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7 Policy pointers to next govt on extractive sector

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Ghana’s 2016 election is an important opportunity for political parties to share their key priorities in the extractive sector with citizens. Despite significant improvements, the country continues to struggle to effectively manage its natural resources, with planning challenges and inconsistent implementation of policies still the norm.

This election brief provides more targeted recommendations on the extractive sector for the next government:

• Develop an extractive sector vision and plan

Ghana’s history of shaping and delivering long-term national development plans has been disappointing.

To effectively leverage opportunities in the extractive sector, the next government should strengthen extractive sector planning and increase citizen involvement across all aspects of decision-making.

The next government should ensure that development priorities are costed and published. A clear and coordinated vision for the extractive sector guides governments to develop a strategy that is comprehensive and inclusive.

An immediate priority of the next government should be to articulate clear development objectives to guide the management of oil, gas and mining resources within a broader national development plan for Ghana.

 

• Ensure the Petroleum Revenue Management Act (PRMA) is consistent with Ghana’s overall fiscal framework

Effective and efficient management of petroleum revenues requires a framework that smoothens year-to-year expenditure in order to address revenue volatility, ensures long term fiscal sustainability, and uses a stable and fair revenue sharing formula.

Ghana’s oil and gas sector, while burgeoning, contributes only a small fraction of the country’s GDP; this may dwindle even more if crude oil prices fall further.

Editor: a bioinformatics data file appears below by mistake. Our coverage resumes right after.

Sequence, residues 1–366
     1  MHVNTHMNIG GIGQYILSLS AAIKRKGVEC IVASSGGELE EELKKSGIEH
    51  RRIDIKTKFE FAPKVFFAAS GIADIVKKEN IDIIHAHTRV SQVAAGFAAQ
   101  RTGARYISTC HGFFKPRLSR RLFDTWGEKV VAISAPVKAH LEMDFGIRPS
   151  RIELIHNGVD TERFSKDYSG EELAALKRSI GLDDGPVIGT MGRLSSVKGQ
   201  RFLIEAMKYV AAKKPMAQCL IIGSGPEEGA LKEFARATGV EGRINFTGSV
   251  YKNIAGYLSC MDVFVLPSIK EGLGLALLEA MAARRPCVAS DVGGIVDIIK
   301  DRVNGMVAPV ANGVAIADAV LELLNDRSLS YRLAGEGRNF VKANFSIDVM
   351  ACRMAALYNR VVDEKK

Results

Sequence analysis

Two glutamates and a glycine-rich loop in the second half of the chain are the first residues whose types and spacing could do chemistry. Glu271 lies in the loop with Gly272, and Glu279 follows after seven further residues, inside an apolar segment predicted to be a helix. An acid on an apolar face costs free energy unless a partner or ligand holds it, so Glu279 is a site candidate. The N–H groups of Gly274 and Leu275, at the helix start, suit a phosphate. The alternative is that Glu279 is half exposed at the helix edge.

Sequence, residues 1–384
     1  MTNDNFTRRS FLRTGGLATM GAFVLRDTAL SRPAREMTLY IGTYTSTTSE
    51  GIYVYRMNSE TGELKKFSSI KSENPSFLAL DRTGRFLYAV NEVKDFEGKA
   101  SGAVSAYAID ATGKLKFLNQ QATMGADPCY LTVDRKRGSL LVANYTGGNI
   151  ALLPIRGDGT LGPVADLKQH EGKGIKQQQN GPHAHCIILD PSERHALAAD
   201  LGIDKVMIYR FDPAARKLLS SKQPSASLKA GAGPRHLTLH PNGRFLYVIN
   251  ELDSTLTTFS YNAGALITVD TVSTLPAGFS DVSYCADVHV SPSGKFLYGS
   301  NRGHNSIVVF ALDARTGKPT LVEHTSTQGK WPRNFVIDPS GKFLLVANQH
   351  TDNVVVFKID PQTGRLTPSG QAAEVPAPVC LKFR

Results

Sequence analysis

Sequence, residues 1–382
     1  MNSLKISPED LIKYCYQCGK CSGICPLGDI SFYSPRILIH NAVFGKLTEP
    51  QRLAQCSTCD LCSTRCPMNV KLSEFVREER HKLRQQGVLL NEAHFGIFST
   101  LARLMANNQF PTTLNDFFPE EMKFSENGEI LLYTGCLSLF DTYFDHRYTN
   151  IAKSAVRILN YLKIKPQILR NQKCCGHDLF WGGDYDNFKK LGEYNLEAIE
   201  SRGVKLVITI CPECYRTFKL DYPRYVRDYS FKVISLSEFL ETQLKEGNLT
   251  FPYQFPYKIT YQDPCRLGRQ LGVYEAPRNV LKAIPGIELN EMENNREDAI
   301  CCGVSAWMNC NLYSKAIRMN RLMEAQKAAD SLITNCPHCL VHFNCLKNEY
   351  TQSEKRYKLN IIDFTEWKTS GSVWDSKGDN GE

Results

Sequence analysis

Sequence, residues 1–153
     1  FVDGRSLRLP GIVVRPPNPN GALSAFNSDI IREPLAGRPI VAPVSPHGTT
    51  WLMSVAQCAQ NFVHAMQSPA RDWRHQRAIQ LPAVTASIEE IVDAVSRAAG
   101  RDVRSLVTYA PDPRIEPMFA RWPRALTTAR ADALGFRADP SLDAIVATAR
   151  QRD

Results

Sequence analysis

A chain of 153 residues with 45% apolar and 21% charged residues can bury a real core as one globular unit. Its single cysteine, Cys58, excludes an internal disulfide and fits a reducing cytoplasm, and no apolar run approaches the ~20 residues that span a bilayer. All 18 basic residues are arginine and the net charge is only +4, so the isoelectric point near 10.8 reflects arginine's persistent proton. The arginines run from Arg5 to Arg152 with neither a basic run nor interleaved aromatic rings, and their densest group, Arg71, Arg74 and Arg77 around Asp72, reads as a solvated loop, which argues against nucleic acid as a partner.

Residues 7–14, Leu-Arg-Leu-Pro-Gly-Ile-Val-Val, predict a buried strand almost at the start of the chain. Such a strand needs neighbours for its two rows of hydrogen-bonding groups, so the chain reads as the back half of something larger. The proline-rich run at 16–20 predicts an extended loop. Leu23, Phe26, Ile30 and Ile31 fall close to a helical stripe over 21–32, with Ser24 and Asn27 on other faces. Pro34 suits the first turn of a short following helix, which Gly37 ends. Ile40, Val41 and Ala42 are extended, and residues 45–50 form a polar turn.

After five years of oil production, important lessons have been learned from the implementation of the PRMA. Although the PRMA has effectively delivered improvements in transparency in revenue allocation and utilisation, it has not adequately addressed issues related to revenue volatility, expenditure smoothing, or contributed to overall fiscal sustainability.

This is partly due to the lack of a synchronised public financial management framework capable of addressing Ghana’s growing fiscal challenges.

The new Public Financial Management (PFM) Law is part of Ghana’s broad-based reforms to improve fiscal discipline and sustainability. With the PRMA only focused on the petroleum sector (a small part of the economy), growing economy-wide fiscal challenges could continue to undermine its objective as a fiscal framework.

The next government should ensure that the PRMA is situated within and consistent with an overall public financial management framework for Ghana

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Reporting Oil and Gas project was launched on 4th June 2009atTakoradi, Western Region, Ghana by Penplusbytes (PPB – www.penplusbytes.org) with the vision of providing a one stop online information and knowledge about Ghana’s oil and gas sector
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